REX HILL
 
August 17, 2011 | He Said, She Said | REX HILL

But ours goes to eleven- The tenuous role of alcohol in wine

He Said...
- Mike Willison

LADY BRACKNELL- "The chin a little higher, dear. Style largely depends on the way the chin is worn. They are worn very high, at present."

So it is that alcohol in wine is the fashionable thing to be wearing either very high, or just somewhat lower than it is currently. Fashionable wine takes a few seasons to come and go and, just like fashion, can benefit a man to stick with what he knows, provided that what he knows is not parachute pants and Thriller zipper coats. Backlash only happens when someone gets wildly successful doing something that everyone else wishes they had thought of first, or people get genuinely sick of one thing or another. In this case, I believe it to be a combination of both.

Some sommeliers and wine merchants believe that high alcohol wines signify the end of an age of thought provoking, terroir driven wines that were profoundly better matches with food, made only by the most eccentric and affable wine mystics, and consumed in secret dining societies where only the very deserving would be allowed to consume even a drop of the goods. Other sommeliers have no problem lugging a $150, 16.6% alcohol Pinot Noir to the table to be served with your cowboy rib-eye charged ignobly to the corporate card.

What I know is this: delicate varieties become cloying and indistinct when produced in a high alcohol style. Pinot Noir is getting its hand slapped by Syrah for being on its side of the back seat of the car and mom is too busy talking on her mobile to notice so they bicker back and forth until they are all tangled up together and Mom is forced to turn down the radio and pull over. Peppery, inky Pinot Noir? Further, the winemaker that vinifies to high alcohols needs to figure out how to balance the resultant wine now that one of the calipers is in the red. Usually, one will look to longer maceration times, deeper extraction, longer and more aggressive new oak aging and, possibly having to acidify, chaptalize and re-acidify to sort out the mess. Imagine Audrey Hepburn in one of Cyndi Lauper's outfits from the 80's. You’d have to dye her hair, pierce her nose and feed her helium balloons for an hour before she could pull the outfit off. Some varieties just cannot handle the fashion.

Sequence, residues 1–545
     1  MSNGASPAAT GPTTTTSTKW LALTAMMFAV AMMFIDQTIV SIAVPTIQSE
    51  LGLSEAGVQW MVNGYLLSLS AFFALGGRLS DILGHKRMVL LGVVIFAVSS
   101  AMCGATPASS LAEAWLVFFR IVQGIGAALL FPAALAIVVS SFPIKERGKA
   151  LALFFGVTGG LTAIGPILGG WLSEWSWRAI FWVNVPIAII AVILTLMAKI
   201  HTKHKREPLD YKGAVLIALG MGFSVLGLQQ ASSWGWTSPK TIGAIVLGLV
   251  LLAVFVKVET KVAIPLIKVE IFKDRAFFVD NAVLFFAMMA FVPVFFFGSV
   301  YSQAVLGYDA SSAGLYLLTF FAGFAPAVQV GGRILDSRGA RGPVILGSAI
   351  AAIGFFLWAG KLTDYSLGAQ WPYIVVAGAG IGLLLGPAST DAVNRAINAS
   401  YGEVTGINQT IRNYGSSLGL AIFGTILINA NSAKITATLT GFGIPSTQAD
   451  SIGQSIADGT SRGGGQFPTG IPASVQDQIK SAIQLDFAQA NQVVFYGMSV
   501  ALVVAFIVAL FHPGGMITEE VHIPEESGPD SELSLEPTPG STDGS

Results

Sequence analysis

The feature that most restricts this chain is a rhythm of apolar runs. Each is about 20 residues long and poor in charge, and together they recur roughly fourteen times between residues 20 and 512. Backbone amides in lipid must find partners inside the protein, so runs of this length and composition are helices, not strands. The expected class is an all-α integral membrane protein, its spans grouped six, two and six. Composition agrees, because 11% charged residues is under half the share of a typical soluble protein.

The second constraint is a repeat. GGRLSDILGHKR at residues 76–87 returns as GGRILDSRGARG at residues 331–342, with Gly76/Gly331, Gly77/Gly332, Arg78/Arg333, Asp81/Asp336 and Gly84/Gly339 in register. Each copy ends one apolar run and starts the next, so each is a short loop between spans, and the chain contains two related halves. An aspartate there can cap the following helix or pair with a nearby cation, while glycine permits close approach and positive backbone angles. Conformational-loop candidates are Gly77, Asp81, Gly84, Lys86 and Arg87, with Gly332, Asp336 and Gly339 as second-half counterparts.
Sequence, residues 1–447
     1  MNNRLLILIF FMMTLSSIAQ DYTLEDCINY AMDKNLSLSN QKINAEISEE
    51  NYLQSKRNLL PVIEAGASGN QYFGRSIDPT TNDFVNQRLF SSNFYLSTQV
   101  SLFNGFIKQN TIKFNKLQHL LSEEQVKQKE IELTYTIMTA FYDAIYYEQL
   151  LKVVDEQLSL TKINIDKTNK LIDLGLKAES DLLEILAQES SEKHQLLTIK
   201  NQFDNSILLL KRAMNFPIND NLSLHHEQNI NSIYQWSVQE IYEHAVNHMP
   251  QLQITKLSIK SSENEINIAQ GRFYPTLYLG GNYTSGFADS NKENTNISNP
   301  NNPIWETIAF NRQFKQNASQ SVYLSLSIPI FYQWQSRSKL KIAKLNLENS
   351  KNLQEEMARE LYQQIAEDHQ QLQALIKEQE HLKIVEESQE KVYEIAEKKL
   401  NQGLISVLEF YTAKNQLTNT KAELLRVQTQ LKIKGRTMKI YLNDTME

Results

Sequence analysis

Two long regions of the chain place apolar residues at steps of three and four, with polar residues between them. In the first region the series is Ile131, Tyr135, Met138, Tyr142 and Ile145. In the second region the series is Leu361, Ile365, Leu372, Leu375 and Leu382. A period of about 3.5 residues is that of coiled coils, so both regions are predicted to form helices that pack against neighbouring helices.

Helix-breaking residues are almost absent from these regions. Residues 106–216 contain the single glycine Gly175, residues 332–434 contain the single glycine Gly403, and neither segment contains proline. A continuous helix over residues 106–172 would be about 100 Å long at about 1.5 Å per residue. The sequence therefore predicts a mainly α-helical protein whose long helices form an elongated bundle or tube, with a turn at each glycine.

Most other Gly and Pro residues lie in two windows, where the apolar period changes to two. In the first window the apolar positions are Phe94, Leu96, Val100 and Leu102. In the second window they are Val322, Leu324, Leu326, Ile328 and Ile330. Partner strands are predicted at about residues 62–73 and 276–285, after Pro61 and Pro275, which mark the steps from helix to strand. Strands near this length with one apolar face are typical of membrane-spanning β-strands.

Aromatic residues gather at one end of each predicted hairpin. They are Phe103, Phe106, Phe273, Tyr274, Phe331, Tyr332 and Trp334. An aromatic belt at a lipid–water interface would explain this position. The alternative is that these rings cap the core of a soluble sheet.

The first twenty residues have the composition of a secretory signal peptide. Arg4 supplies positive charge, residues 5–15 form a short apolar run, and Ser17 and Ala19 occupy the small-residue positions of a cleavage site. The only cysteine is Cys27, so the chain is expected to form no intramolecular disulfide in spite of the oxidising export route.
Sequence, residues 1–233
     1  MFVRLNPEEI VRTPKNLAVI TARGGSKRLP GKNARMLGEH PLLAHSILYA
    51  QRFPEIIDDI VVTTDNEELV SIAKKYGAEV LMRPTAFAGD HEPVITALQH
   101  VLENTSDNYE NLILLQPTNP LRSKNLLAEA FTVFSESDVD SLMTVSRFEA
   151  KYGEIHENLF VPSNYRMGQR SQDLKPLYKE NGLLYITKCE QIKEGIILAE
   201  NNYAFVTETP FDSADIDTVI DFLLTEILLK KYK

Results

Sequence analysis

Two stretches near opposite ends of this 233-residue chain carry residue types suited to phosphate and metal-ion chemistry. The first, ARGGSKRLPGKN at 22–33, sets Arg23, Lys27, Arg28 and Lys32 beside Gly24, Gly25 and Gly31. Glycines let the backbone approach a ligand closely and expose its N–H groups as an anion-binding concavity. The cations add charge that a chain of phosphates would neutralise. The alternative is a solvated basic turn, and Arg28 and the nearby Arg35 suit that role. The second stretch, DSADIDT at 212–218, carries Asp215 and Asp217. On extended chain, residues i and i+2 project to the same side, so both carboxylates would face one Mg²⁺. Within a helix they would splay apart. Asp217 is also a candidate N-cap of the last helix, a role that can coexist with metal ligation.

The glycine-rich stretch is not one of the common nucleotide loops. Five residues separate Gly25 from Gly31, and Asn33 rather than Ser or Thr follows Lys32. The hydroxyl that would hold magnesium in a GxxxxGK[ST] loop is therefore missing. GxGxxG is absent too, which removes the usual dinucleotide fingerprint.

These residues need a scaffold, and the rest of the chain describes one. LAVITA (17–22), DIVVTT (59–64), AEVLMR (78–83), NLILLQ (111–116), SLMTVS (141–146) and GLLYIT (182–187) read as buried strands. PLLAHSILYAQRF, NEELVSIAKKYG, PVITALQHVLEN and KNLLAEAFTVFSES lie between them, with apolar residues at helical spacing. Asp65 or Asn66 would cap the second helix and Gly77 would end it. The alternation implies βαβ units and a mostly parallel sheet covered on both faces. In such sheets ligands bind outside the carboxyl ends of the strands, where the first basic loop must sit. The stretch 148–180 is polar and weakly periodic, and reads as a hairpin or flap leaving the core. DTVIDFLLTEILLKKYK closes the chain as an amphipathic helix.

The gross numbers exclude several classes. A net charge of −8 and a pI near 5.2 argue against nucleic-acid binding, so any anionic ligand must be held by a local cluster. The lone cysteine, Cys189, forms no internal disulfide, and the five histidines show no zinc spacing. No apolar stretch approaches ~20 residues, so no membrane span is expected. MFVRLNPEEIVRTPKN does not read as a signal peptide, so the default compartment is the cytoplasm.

She Said...
- Carrie Kalscheuer

Simply because something has always been a certain way doesn't mean that it should be that way. Philosophers call it the "is/ought distinction," and it is one that trips people up regularly. As the success of California Pinot Noir has shown, big, alcoholic, extracted, peppery, inky Pinot Noir is hot.  (Please excuse the pun.)   So what if Pinot Noir has always been delicate?  That’s not necessarily how it always will be – or should be.

Personally, I agree with you about style. I prefer cool climate (and cool vintage) Pinot Noir. I like the tension, the promise. I like to hold on to my Pinot and feel a sense of accomplishment when I open a great, older bottle and am rewarded with a delicate, earthy, balanced wine. Because I want this, I don’t want a high level of alcohol. However, I am not the norm.

95% of all wine is consumed within 4 months of purchase. In this sense, who cares that the alcohol level will be out of balance in 10 years? It’s in balance now and that is what matters to most… now. If right now I’m craving a bone-in rib-eye, a 16.5% abv, peppery, inky Pinot sounds pretty darn good.

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